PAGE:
What’s Behind Europe’s Heat Waves?

Two months ago, France experienced its hottest May on record, with record highs in some cities. Last month, France was blistered again, by a spring heat wave that also affected Spain, Italy and other countries. Then, this month, Poland and other parts of Eastern Europe suffered during a spell of extreme heat.

Now temperatures across Europe are soaring yet again, at or near triple digits from Spain to the British Isles and spreading east. Wildfires stoked by the heat are burning in many countries, and much of the continent is in the throes of a lengthy drought.

And there are still two months of summer left.

Scientists say the persistent extreme heat already this year is in keeping with a trend. Heat waves in Europe, they say, are increasing in frequency and intensity at a faster rate than almost any other part of the planet, including the Western United States.

Global warming plays a role, as it does in heat waves around the world, because temperatures are on average about 2 degrees Fahrenheit (1.1 degrees Celsius) higher than they were in the late 19th century, before emissions of carbon dioxide and other heat-trapping gases became widespread. So extreme heat takes off from a higher starting point.

But beyond that, there are other factors, some involving the circulation of the atmosphere and the ocean, that may make Europe a heat wave hot spot.

No two heat waves are precisely the same. The current scorching temperatures that reached into England and Wales on Monday were caused in part by a region of upper level low-pressure air that has been stalled off the coast of Portugal for days. It’s known as a “cutoff low” in the parlance of atmospheric scientists, because it was cut off from a river of westerly winds, the mid-latitude jet stream, that circles the planet at high altitudes.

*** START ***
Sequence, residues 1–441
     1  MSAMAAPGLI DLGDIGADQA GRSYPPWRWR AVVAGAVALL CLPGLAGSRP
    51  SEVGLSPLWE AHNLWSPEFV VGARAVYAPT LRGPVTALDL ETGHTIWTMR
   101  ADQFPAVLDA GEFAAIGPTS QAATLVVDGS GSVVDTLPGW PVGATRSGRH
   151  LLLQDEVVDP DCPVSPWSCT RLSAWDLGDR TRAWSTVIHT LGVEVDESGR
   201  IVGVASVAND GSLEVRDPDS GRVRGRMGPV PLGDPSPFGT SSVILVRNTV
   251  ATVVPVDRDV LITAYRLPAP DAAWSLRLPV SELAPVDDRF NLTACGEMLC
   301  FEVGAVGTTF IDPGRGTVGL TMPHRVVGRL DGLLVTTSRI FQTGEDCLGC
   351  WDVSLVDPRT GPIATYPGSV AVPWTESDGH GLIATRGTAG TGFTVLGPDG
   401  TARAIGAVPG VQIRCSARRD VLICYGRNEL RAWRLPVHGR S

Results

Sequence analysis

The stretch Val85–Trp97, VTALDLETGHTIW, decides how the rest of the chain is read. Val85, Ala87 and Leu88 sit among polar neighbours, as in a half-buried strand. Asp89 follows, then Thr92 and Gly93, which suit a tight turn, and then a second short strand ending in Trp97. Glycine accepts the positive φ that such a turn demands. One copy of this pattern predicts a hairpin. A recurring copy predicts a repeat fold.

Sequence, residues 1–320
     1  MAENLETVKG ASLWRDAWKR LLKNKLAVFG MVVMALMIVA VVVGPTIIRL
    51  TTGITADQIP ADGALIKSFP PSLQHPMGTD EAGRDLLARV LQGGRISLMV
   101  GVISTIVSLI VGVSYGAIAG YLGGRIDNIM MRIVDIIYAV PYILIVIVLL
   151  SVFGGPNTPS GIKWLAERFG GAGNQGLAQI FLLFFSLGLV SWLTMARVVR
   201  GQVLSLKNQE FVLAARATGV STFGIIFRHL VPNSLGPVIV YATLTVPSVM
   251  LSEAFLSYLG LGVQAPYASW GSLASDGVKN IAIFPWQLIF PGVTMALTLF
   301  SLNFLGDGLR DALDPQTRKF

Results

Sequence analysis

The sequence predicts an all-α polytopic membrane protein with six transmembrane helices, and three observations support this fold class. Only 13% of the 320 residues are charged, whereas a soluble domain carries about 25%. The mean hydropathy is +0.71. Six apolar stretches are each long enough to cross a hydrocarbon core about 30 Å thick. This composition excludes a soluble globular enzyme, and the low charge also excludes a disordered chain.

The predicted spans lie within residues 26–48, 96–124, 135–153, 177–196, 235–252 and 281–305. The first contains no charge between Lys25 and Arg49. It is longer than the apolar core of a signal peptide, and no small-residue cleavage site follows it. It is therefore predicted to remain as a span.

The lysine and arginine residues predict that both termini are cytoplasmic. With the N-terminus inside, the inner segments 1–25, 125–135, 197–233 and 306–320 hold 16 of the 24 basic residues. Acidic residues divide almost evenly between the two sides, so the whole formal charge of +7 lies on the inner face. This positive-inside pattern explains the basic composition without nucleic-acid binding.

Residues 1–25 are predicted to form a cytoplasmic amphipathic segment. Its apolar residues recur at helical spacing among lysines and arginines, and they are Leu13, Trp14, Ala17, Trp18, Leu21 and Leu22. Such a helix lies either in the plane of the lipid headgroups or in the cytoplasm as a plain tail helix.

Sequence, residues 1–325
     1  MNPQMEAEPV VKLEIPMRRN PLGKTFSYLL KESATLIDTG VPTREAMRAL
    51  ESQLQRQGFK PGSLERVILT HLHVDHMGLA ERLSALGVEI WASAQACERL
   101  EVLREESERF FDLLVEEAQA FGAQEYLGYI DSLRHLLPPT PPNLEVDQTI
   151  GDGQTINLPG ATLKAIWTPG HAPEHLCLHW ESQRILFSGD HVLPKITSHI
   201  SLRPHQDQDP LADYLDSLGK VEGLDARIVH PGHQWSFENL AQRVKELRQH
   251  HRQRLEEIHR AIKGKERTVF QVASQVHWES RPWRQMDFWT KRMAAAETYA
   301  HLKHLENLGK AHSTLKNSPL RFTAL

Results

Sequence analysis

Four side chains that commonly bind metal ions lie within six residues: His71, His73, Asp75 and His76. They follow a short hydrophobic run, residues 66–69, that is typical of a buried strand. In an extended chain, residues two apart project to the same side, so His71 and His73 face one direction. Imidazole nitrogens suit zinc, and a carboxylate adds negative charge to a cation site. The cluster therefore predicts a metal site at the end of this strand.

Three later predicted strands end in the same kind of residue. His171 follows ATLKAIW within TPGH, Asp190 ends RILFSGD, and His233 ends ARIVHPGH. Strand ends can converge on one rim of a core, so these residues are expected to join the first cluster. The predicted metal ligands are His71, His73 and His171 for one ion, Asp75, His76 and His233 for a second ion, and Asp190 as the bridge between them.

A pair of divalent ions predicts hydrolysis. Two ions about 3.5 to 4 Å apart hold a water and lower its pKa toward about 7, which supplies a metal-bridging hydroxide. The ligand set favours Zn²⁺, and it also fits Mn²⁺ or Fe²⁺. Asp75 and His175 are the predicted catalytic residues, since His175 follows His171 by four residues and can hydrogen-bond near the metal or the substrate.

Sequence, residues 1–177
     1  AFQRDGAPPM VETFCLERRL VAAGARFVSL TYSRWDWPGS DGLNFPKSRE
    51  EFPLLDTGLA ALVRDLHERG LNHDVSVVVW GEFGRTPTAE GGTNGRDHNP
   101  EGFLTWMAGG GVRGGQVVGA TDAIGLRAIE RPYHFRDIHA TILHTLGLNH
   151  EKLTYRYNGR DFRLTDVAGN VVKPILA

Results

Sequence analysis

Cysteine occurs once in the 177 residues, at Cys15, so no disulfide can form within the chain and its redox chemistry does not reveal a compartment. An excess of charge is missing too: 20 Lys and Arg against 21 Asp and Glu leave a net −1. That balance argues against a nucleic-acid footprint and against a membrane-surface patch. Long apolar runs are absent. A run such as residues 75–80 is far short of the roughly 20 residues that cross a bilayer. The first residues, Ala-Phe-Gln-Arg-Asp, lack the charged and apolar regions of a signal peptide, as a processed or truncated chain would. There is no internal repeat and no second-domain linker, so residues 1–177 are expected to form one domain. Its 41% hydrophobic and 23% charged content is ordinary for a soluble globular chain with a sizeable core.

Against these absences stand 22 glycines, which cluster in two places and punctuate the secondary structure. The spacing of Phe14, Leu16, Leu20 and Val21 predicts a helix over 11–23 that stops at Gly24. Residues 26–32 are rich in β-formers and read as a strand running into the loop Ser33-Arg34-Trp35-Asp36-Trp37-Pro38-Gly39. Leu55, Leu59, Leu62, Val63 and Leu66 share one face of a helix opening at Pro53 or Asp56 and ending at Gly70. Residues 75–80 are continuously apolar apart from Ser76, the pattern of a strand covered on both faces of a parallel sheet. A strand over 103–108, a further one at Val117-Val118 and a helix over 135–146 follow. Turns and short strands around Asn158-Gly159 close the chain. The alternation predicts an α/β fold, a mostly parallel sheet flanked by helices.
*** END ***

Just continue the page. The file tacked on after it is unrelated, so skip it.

Low-pressure zones tend to draw air toward them. In this case, the low-pressure zone has been steadily drawing air from North Africa toward it and into Europe. “It’s pumping hot air northward,” said Kai Kornhuber, a researcher at Lamont-Doherty Earth Observatory, part of Columbia University.

Dr. Kornhuber contributed to a study published this month that found that heat waves in Europe had increased in frequency and intensity over the past four decades, and linked the increase at least in part to changes in the jet stream. The researchers found that many European heat waves occurred when the jet stream had temporarily split in two, leaving an area of weak winds and high pressure air between the two branches that is conducive to the buildup of extreme heat.

Efi Rousi, a senior scientist at Potsdam Institute for Climate Research in Germany and the lead author of the study, said the current heat wave appeared to be linked to such a “double jet,” which she said has been in place over Europe for the past two weeks. This could have led to the creation of the cutoff low, Dr. Rousi said, as well as to an area of weak winds over Europe that allowed the heat to persist.

“It seems this is really favoring the buildup of this heat wave,” she said.

There may be other reasons Europe is seeing more, and more persistent, heat waves, although some of these are currently the subject of debate among scientists. Natural climate variability can make it difficult to tease out specific influences, Dr. Rousi said.

Dr. Kornhuber said warming in the Arctic, which is occurring much faster than other parts of the world, may play a role. As the Arctic warms at a faster rate, the temperature differential between it and the Equator decreases. This leads to a decrease in summertime winds, which has the effect of making weather systems linger for longer. “We do see an increase in persistence,” he said.

There are also indications that changes in one of the world’s major ocean currents, the Atlantic Meridional Overturning Circulation, may affect Europe’s climate. Dr. Rousi published a paper last year that showed, using computer simulations, that a weakening of the current as the world warmed would cause changes in atmospheric circulation leading to drier summers in Europe.

As in other parts of the world, a heat wave in Europe can make it more likely for others to occur in the same area, because a period of extreme heat dries out the soil.

When there is some moisture in the soil, some of the sun’s energy is used in evaporating the water, leading to a slight cooling effect. But when one heat wave wipes out almost all the soil moisture, there is little left to evaporate when the next wave of hot air arrives. So more of the sun’s energy bakes the surface, adding to the heat.

Raymond Zhong contributed reporting.

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